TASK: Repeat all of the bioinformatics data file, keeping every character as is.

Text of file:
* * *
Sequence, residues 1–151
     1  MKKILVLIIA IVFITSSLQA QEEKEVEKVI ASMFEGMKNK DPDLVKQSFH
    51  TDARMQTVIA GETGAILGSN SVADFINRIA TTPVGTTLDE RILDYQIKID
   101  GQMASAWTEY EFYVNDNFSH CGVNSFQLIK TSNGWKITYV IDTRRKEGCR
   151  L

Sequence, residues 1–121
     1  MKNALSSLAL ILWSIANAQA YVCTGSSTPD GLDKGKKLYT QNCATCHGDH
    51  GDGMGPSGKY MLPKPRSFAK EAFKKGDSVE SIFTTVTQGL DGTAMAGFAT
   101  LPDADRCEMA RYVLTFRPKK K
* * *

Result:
Sequence, residues 1–151
     1  MKKILVLIIA IVFITSSLQA QEEKEVEKVI ASMFEGMKNK DPDLVKQSFH
    51  TDARMQTVIA GETGAILGSN SVADFINRIA TTPVGTTLDE RILDYQIKID
   101  GQMASAWTEY EFYVNDNFSH CGVNSFQLIK TSNGWKITYV IDTRRKEGCR
   151  L

Sequence, residues 1–121
     1  MKNALSSLAL ILWSIANAQA YVCTGSSTPD GLDKGKKLYT QNCATCHGDH
    51  GDGMGPSGKY MLPKPRSFAK EAFKKGDSVE SIFTTVTQGL DGTAMAGFAT
   101  LPDADRCEMA RYVLTFRPKK K